WOOSTER, Ohio – The 2020 edition of the “Fiske Guide to Colleges” affirms The College of Wooster is “nationally recognized for its commitment to mentored research and its international focus” and compliments its “faculty members … devotion to teaching” among other virtues, while including Wooster among 300 of the “best and most interesting” schools. The latest edition of the admired guidebook was released this week.
Now in its 36th year, the Fiske Guide is considered one of the leading college guidebooks because it provides quotes from current students and information often not found on college websites, thus delivering an insider’s look to college-bound students and their parents at some of the top colleges and universities in the U.S., Canada, Great Britain, and Ireland.
This year’s two-page listing on Wooster details the “intellectual refuge in the countryside of Ohio’s” strengths, starting with a curriculum that builds independent thinking from first-year seminar and leading up to its “second-to-none” Independent Study program, a “distinctive requirement (that) actively shapes both the individual student experience and the campus atmosphere.” It also highlights many of the supportive student opportunities Wooster offers along the way – APEX (Advising, Planning, and Experiential Learning), AMRE (Applied Methods and Research Experience) and other summer research projects, and a comprehensive off-campus study program. All of it adds up to “mentorship and collaboration (being) pervasive across campus,” according to one student.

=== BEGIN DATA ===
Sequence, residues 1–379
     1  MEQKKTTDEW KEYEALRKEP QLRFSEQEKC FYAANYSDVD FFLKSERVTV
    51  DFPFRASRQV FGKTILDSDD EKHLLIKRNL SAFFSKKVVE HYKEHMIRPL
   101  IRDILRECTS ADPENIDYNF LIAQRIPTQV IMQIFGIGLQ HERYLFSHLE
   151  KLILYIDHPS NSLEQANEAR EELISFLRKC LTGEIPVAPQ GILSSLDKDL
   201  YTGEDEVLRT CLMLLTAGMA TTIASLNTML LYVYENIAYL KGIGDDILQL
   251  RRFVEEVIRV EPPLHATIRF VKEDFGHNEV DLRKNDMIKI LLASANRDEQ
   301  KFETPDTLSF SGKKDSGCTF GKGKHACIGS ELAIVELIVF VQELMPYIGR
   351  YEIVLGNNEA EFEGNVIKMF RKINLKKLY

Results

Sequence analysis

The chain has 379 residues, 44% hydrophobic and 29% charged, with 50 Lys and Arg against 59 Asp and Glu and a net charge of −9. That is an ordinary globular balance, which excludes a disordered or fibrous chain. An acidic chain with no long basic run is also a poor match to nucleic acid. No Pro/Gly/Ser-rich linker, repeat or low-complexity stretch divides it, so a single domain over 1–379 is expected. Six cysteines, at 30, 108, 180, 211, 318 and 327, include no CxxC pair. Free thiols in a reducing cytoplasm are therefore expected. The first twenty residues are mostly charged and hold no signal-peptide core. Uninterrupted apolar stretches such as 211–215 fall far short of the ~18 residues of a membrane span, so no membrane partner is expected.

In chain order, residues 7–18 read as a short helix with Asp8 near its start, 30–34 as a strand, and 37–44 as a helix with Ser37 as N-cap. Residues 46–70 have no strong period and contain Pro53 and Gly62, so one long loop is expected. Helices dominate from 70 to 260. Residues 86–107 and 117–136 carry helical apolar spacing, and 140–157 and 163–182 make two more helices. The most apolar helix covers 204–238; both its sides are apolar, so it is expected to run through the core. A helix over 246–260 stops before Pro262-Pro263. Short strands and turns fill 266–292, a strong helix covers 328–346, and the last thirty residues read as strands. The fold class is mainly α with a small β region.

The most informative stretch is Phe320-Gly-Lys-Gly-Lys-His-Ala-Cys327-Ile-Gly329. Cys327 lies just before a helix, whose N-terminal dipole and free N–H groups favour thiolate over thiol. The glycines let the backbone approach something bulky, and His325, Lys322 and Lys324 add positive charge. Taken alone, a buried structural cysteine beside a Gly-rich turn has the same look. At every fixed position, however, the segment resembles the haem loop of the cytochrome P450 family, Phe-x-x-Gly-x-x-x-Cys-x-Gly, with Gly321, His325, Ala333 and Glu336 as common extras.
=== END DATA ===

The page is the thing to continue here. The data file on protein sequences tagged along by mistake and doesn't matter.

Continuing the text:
The guide also includes an overview of the “attractive buildings,” even noting Williams Hall of Life Science as the newest addition to campus; the student body, described by one as “eclectic, spirited, and incredibly down-to-earth;” the campus climate, with one student saying the college has “responded aggressively” to the national issue of sexual assault; and much more.
Edward B. Fiske served for 17 years as education editor of The New York Times, where he realized that college-bound students and their families needed better information on which to base their educational choices. He wrote the “Fiske Guide to Colleges” to help them, updated annually with the Fiske editorial team.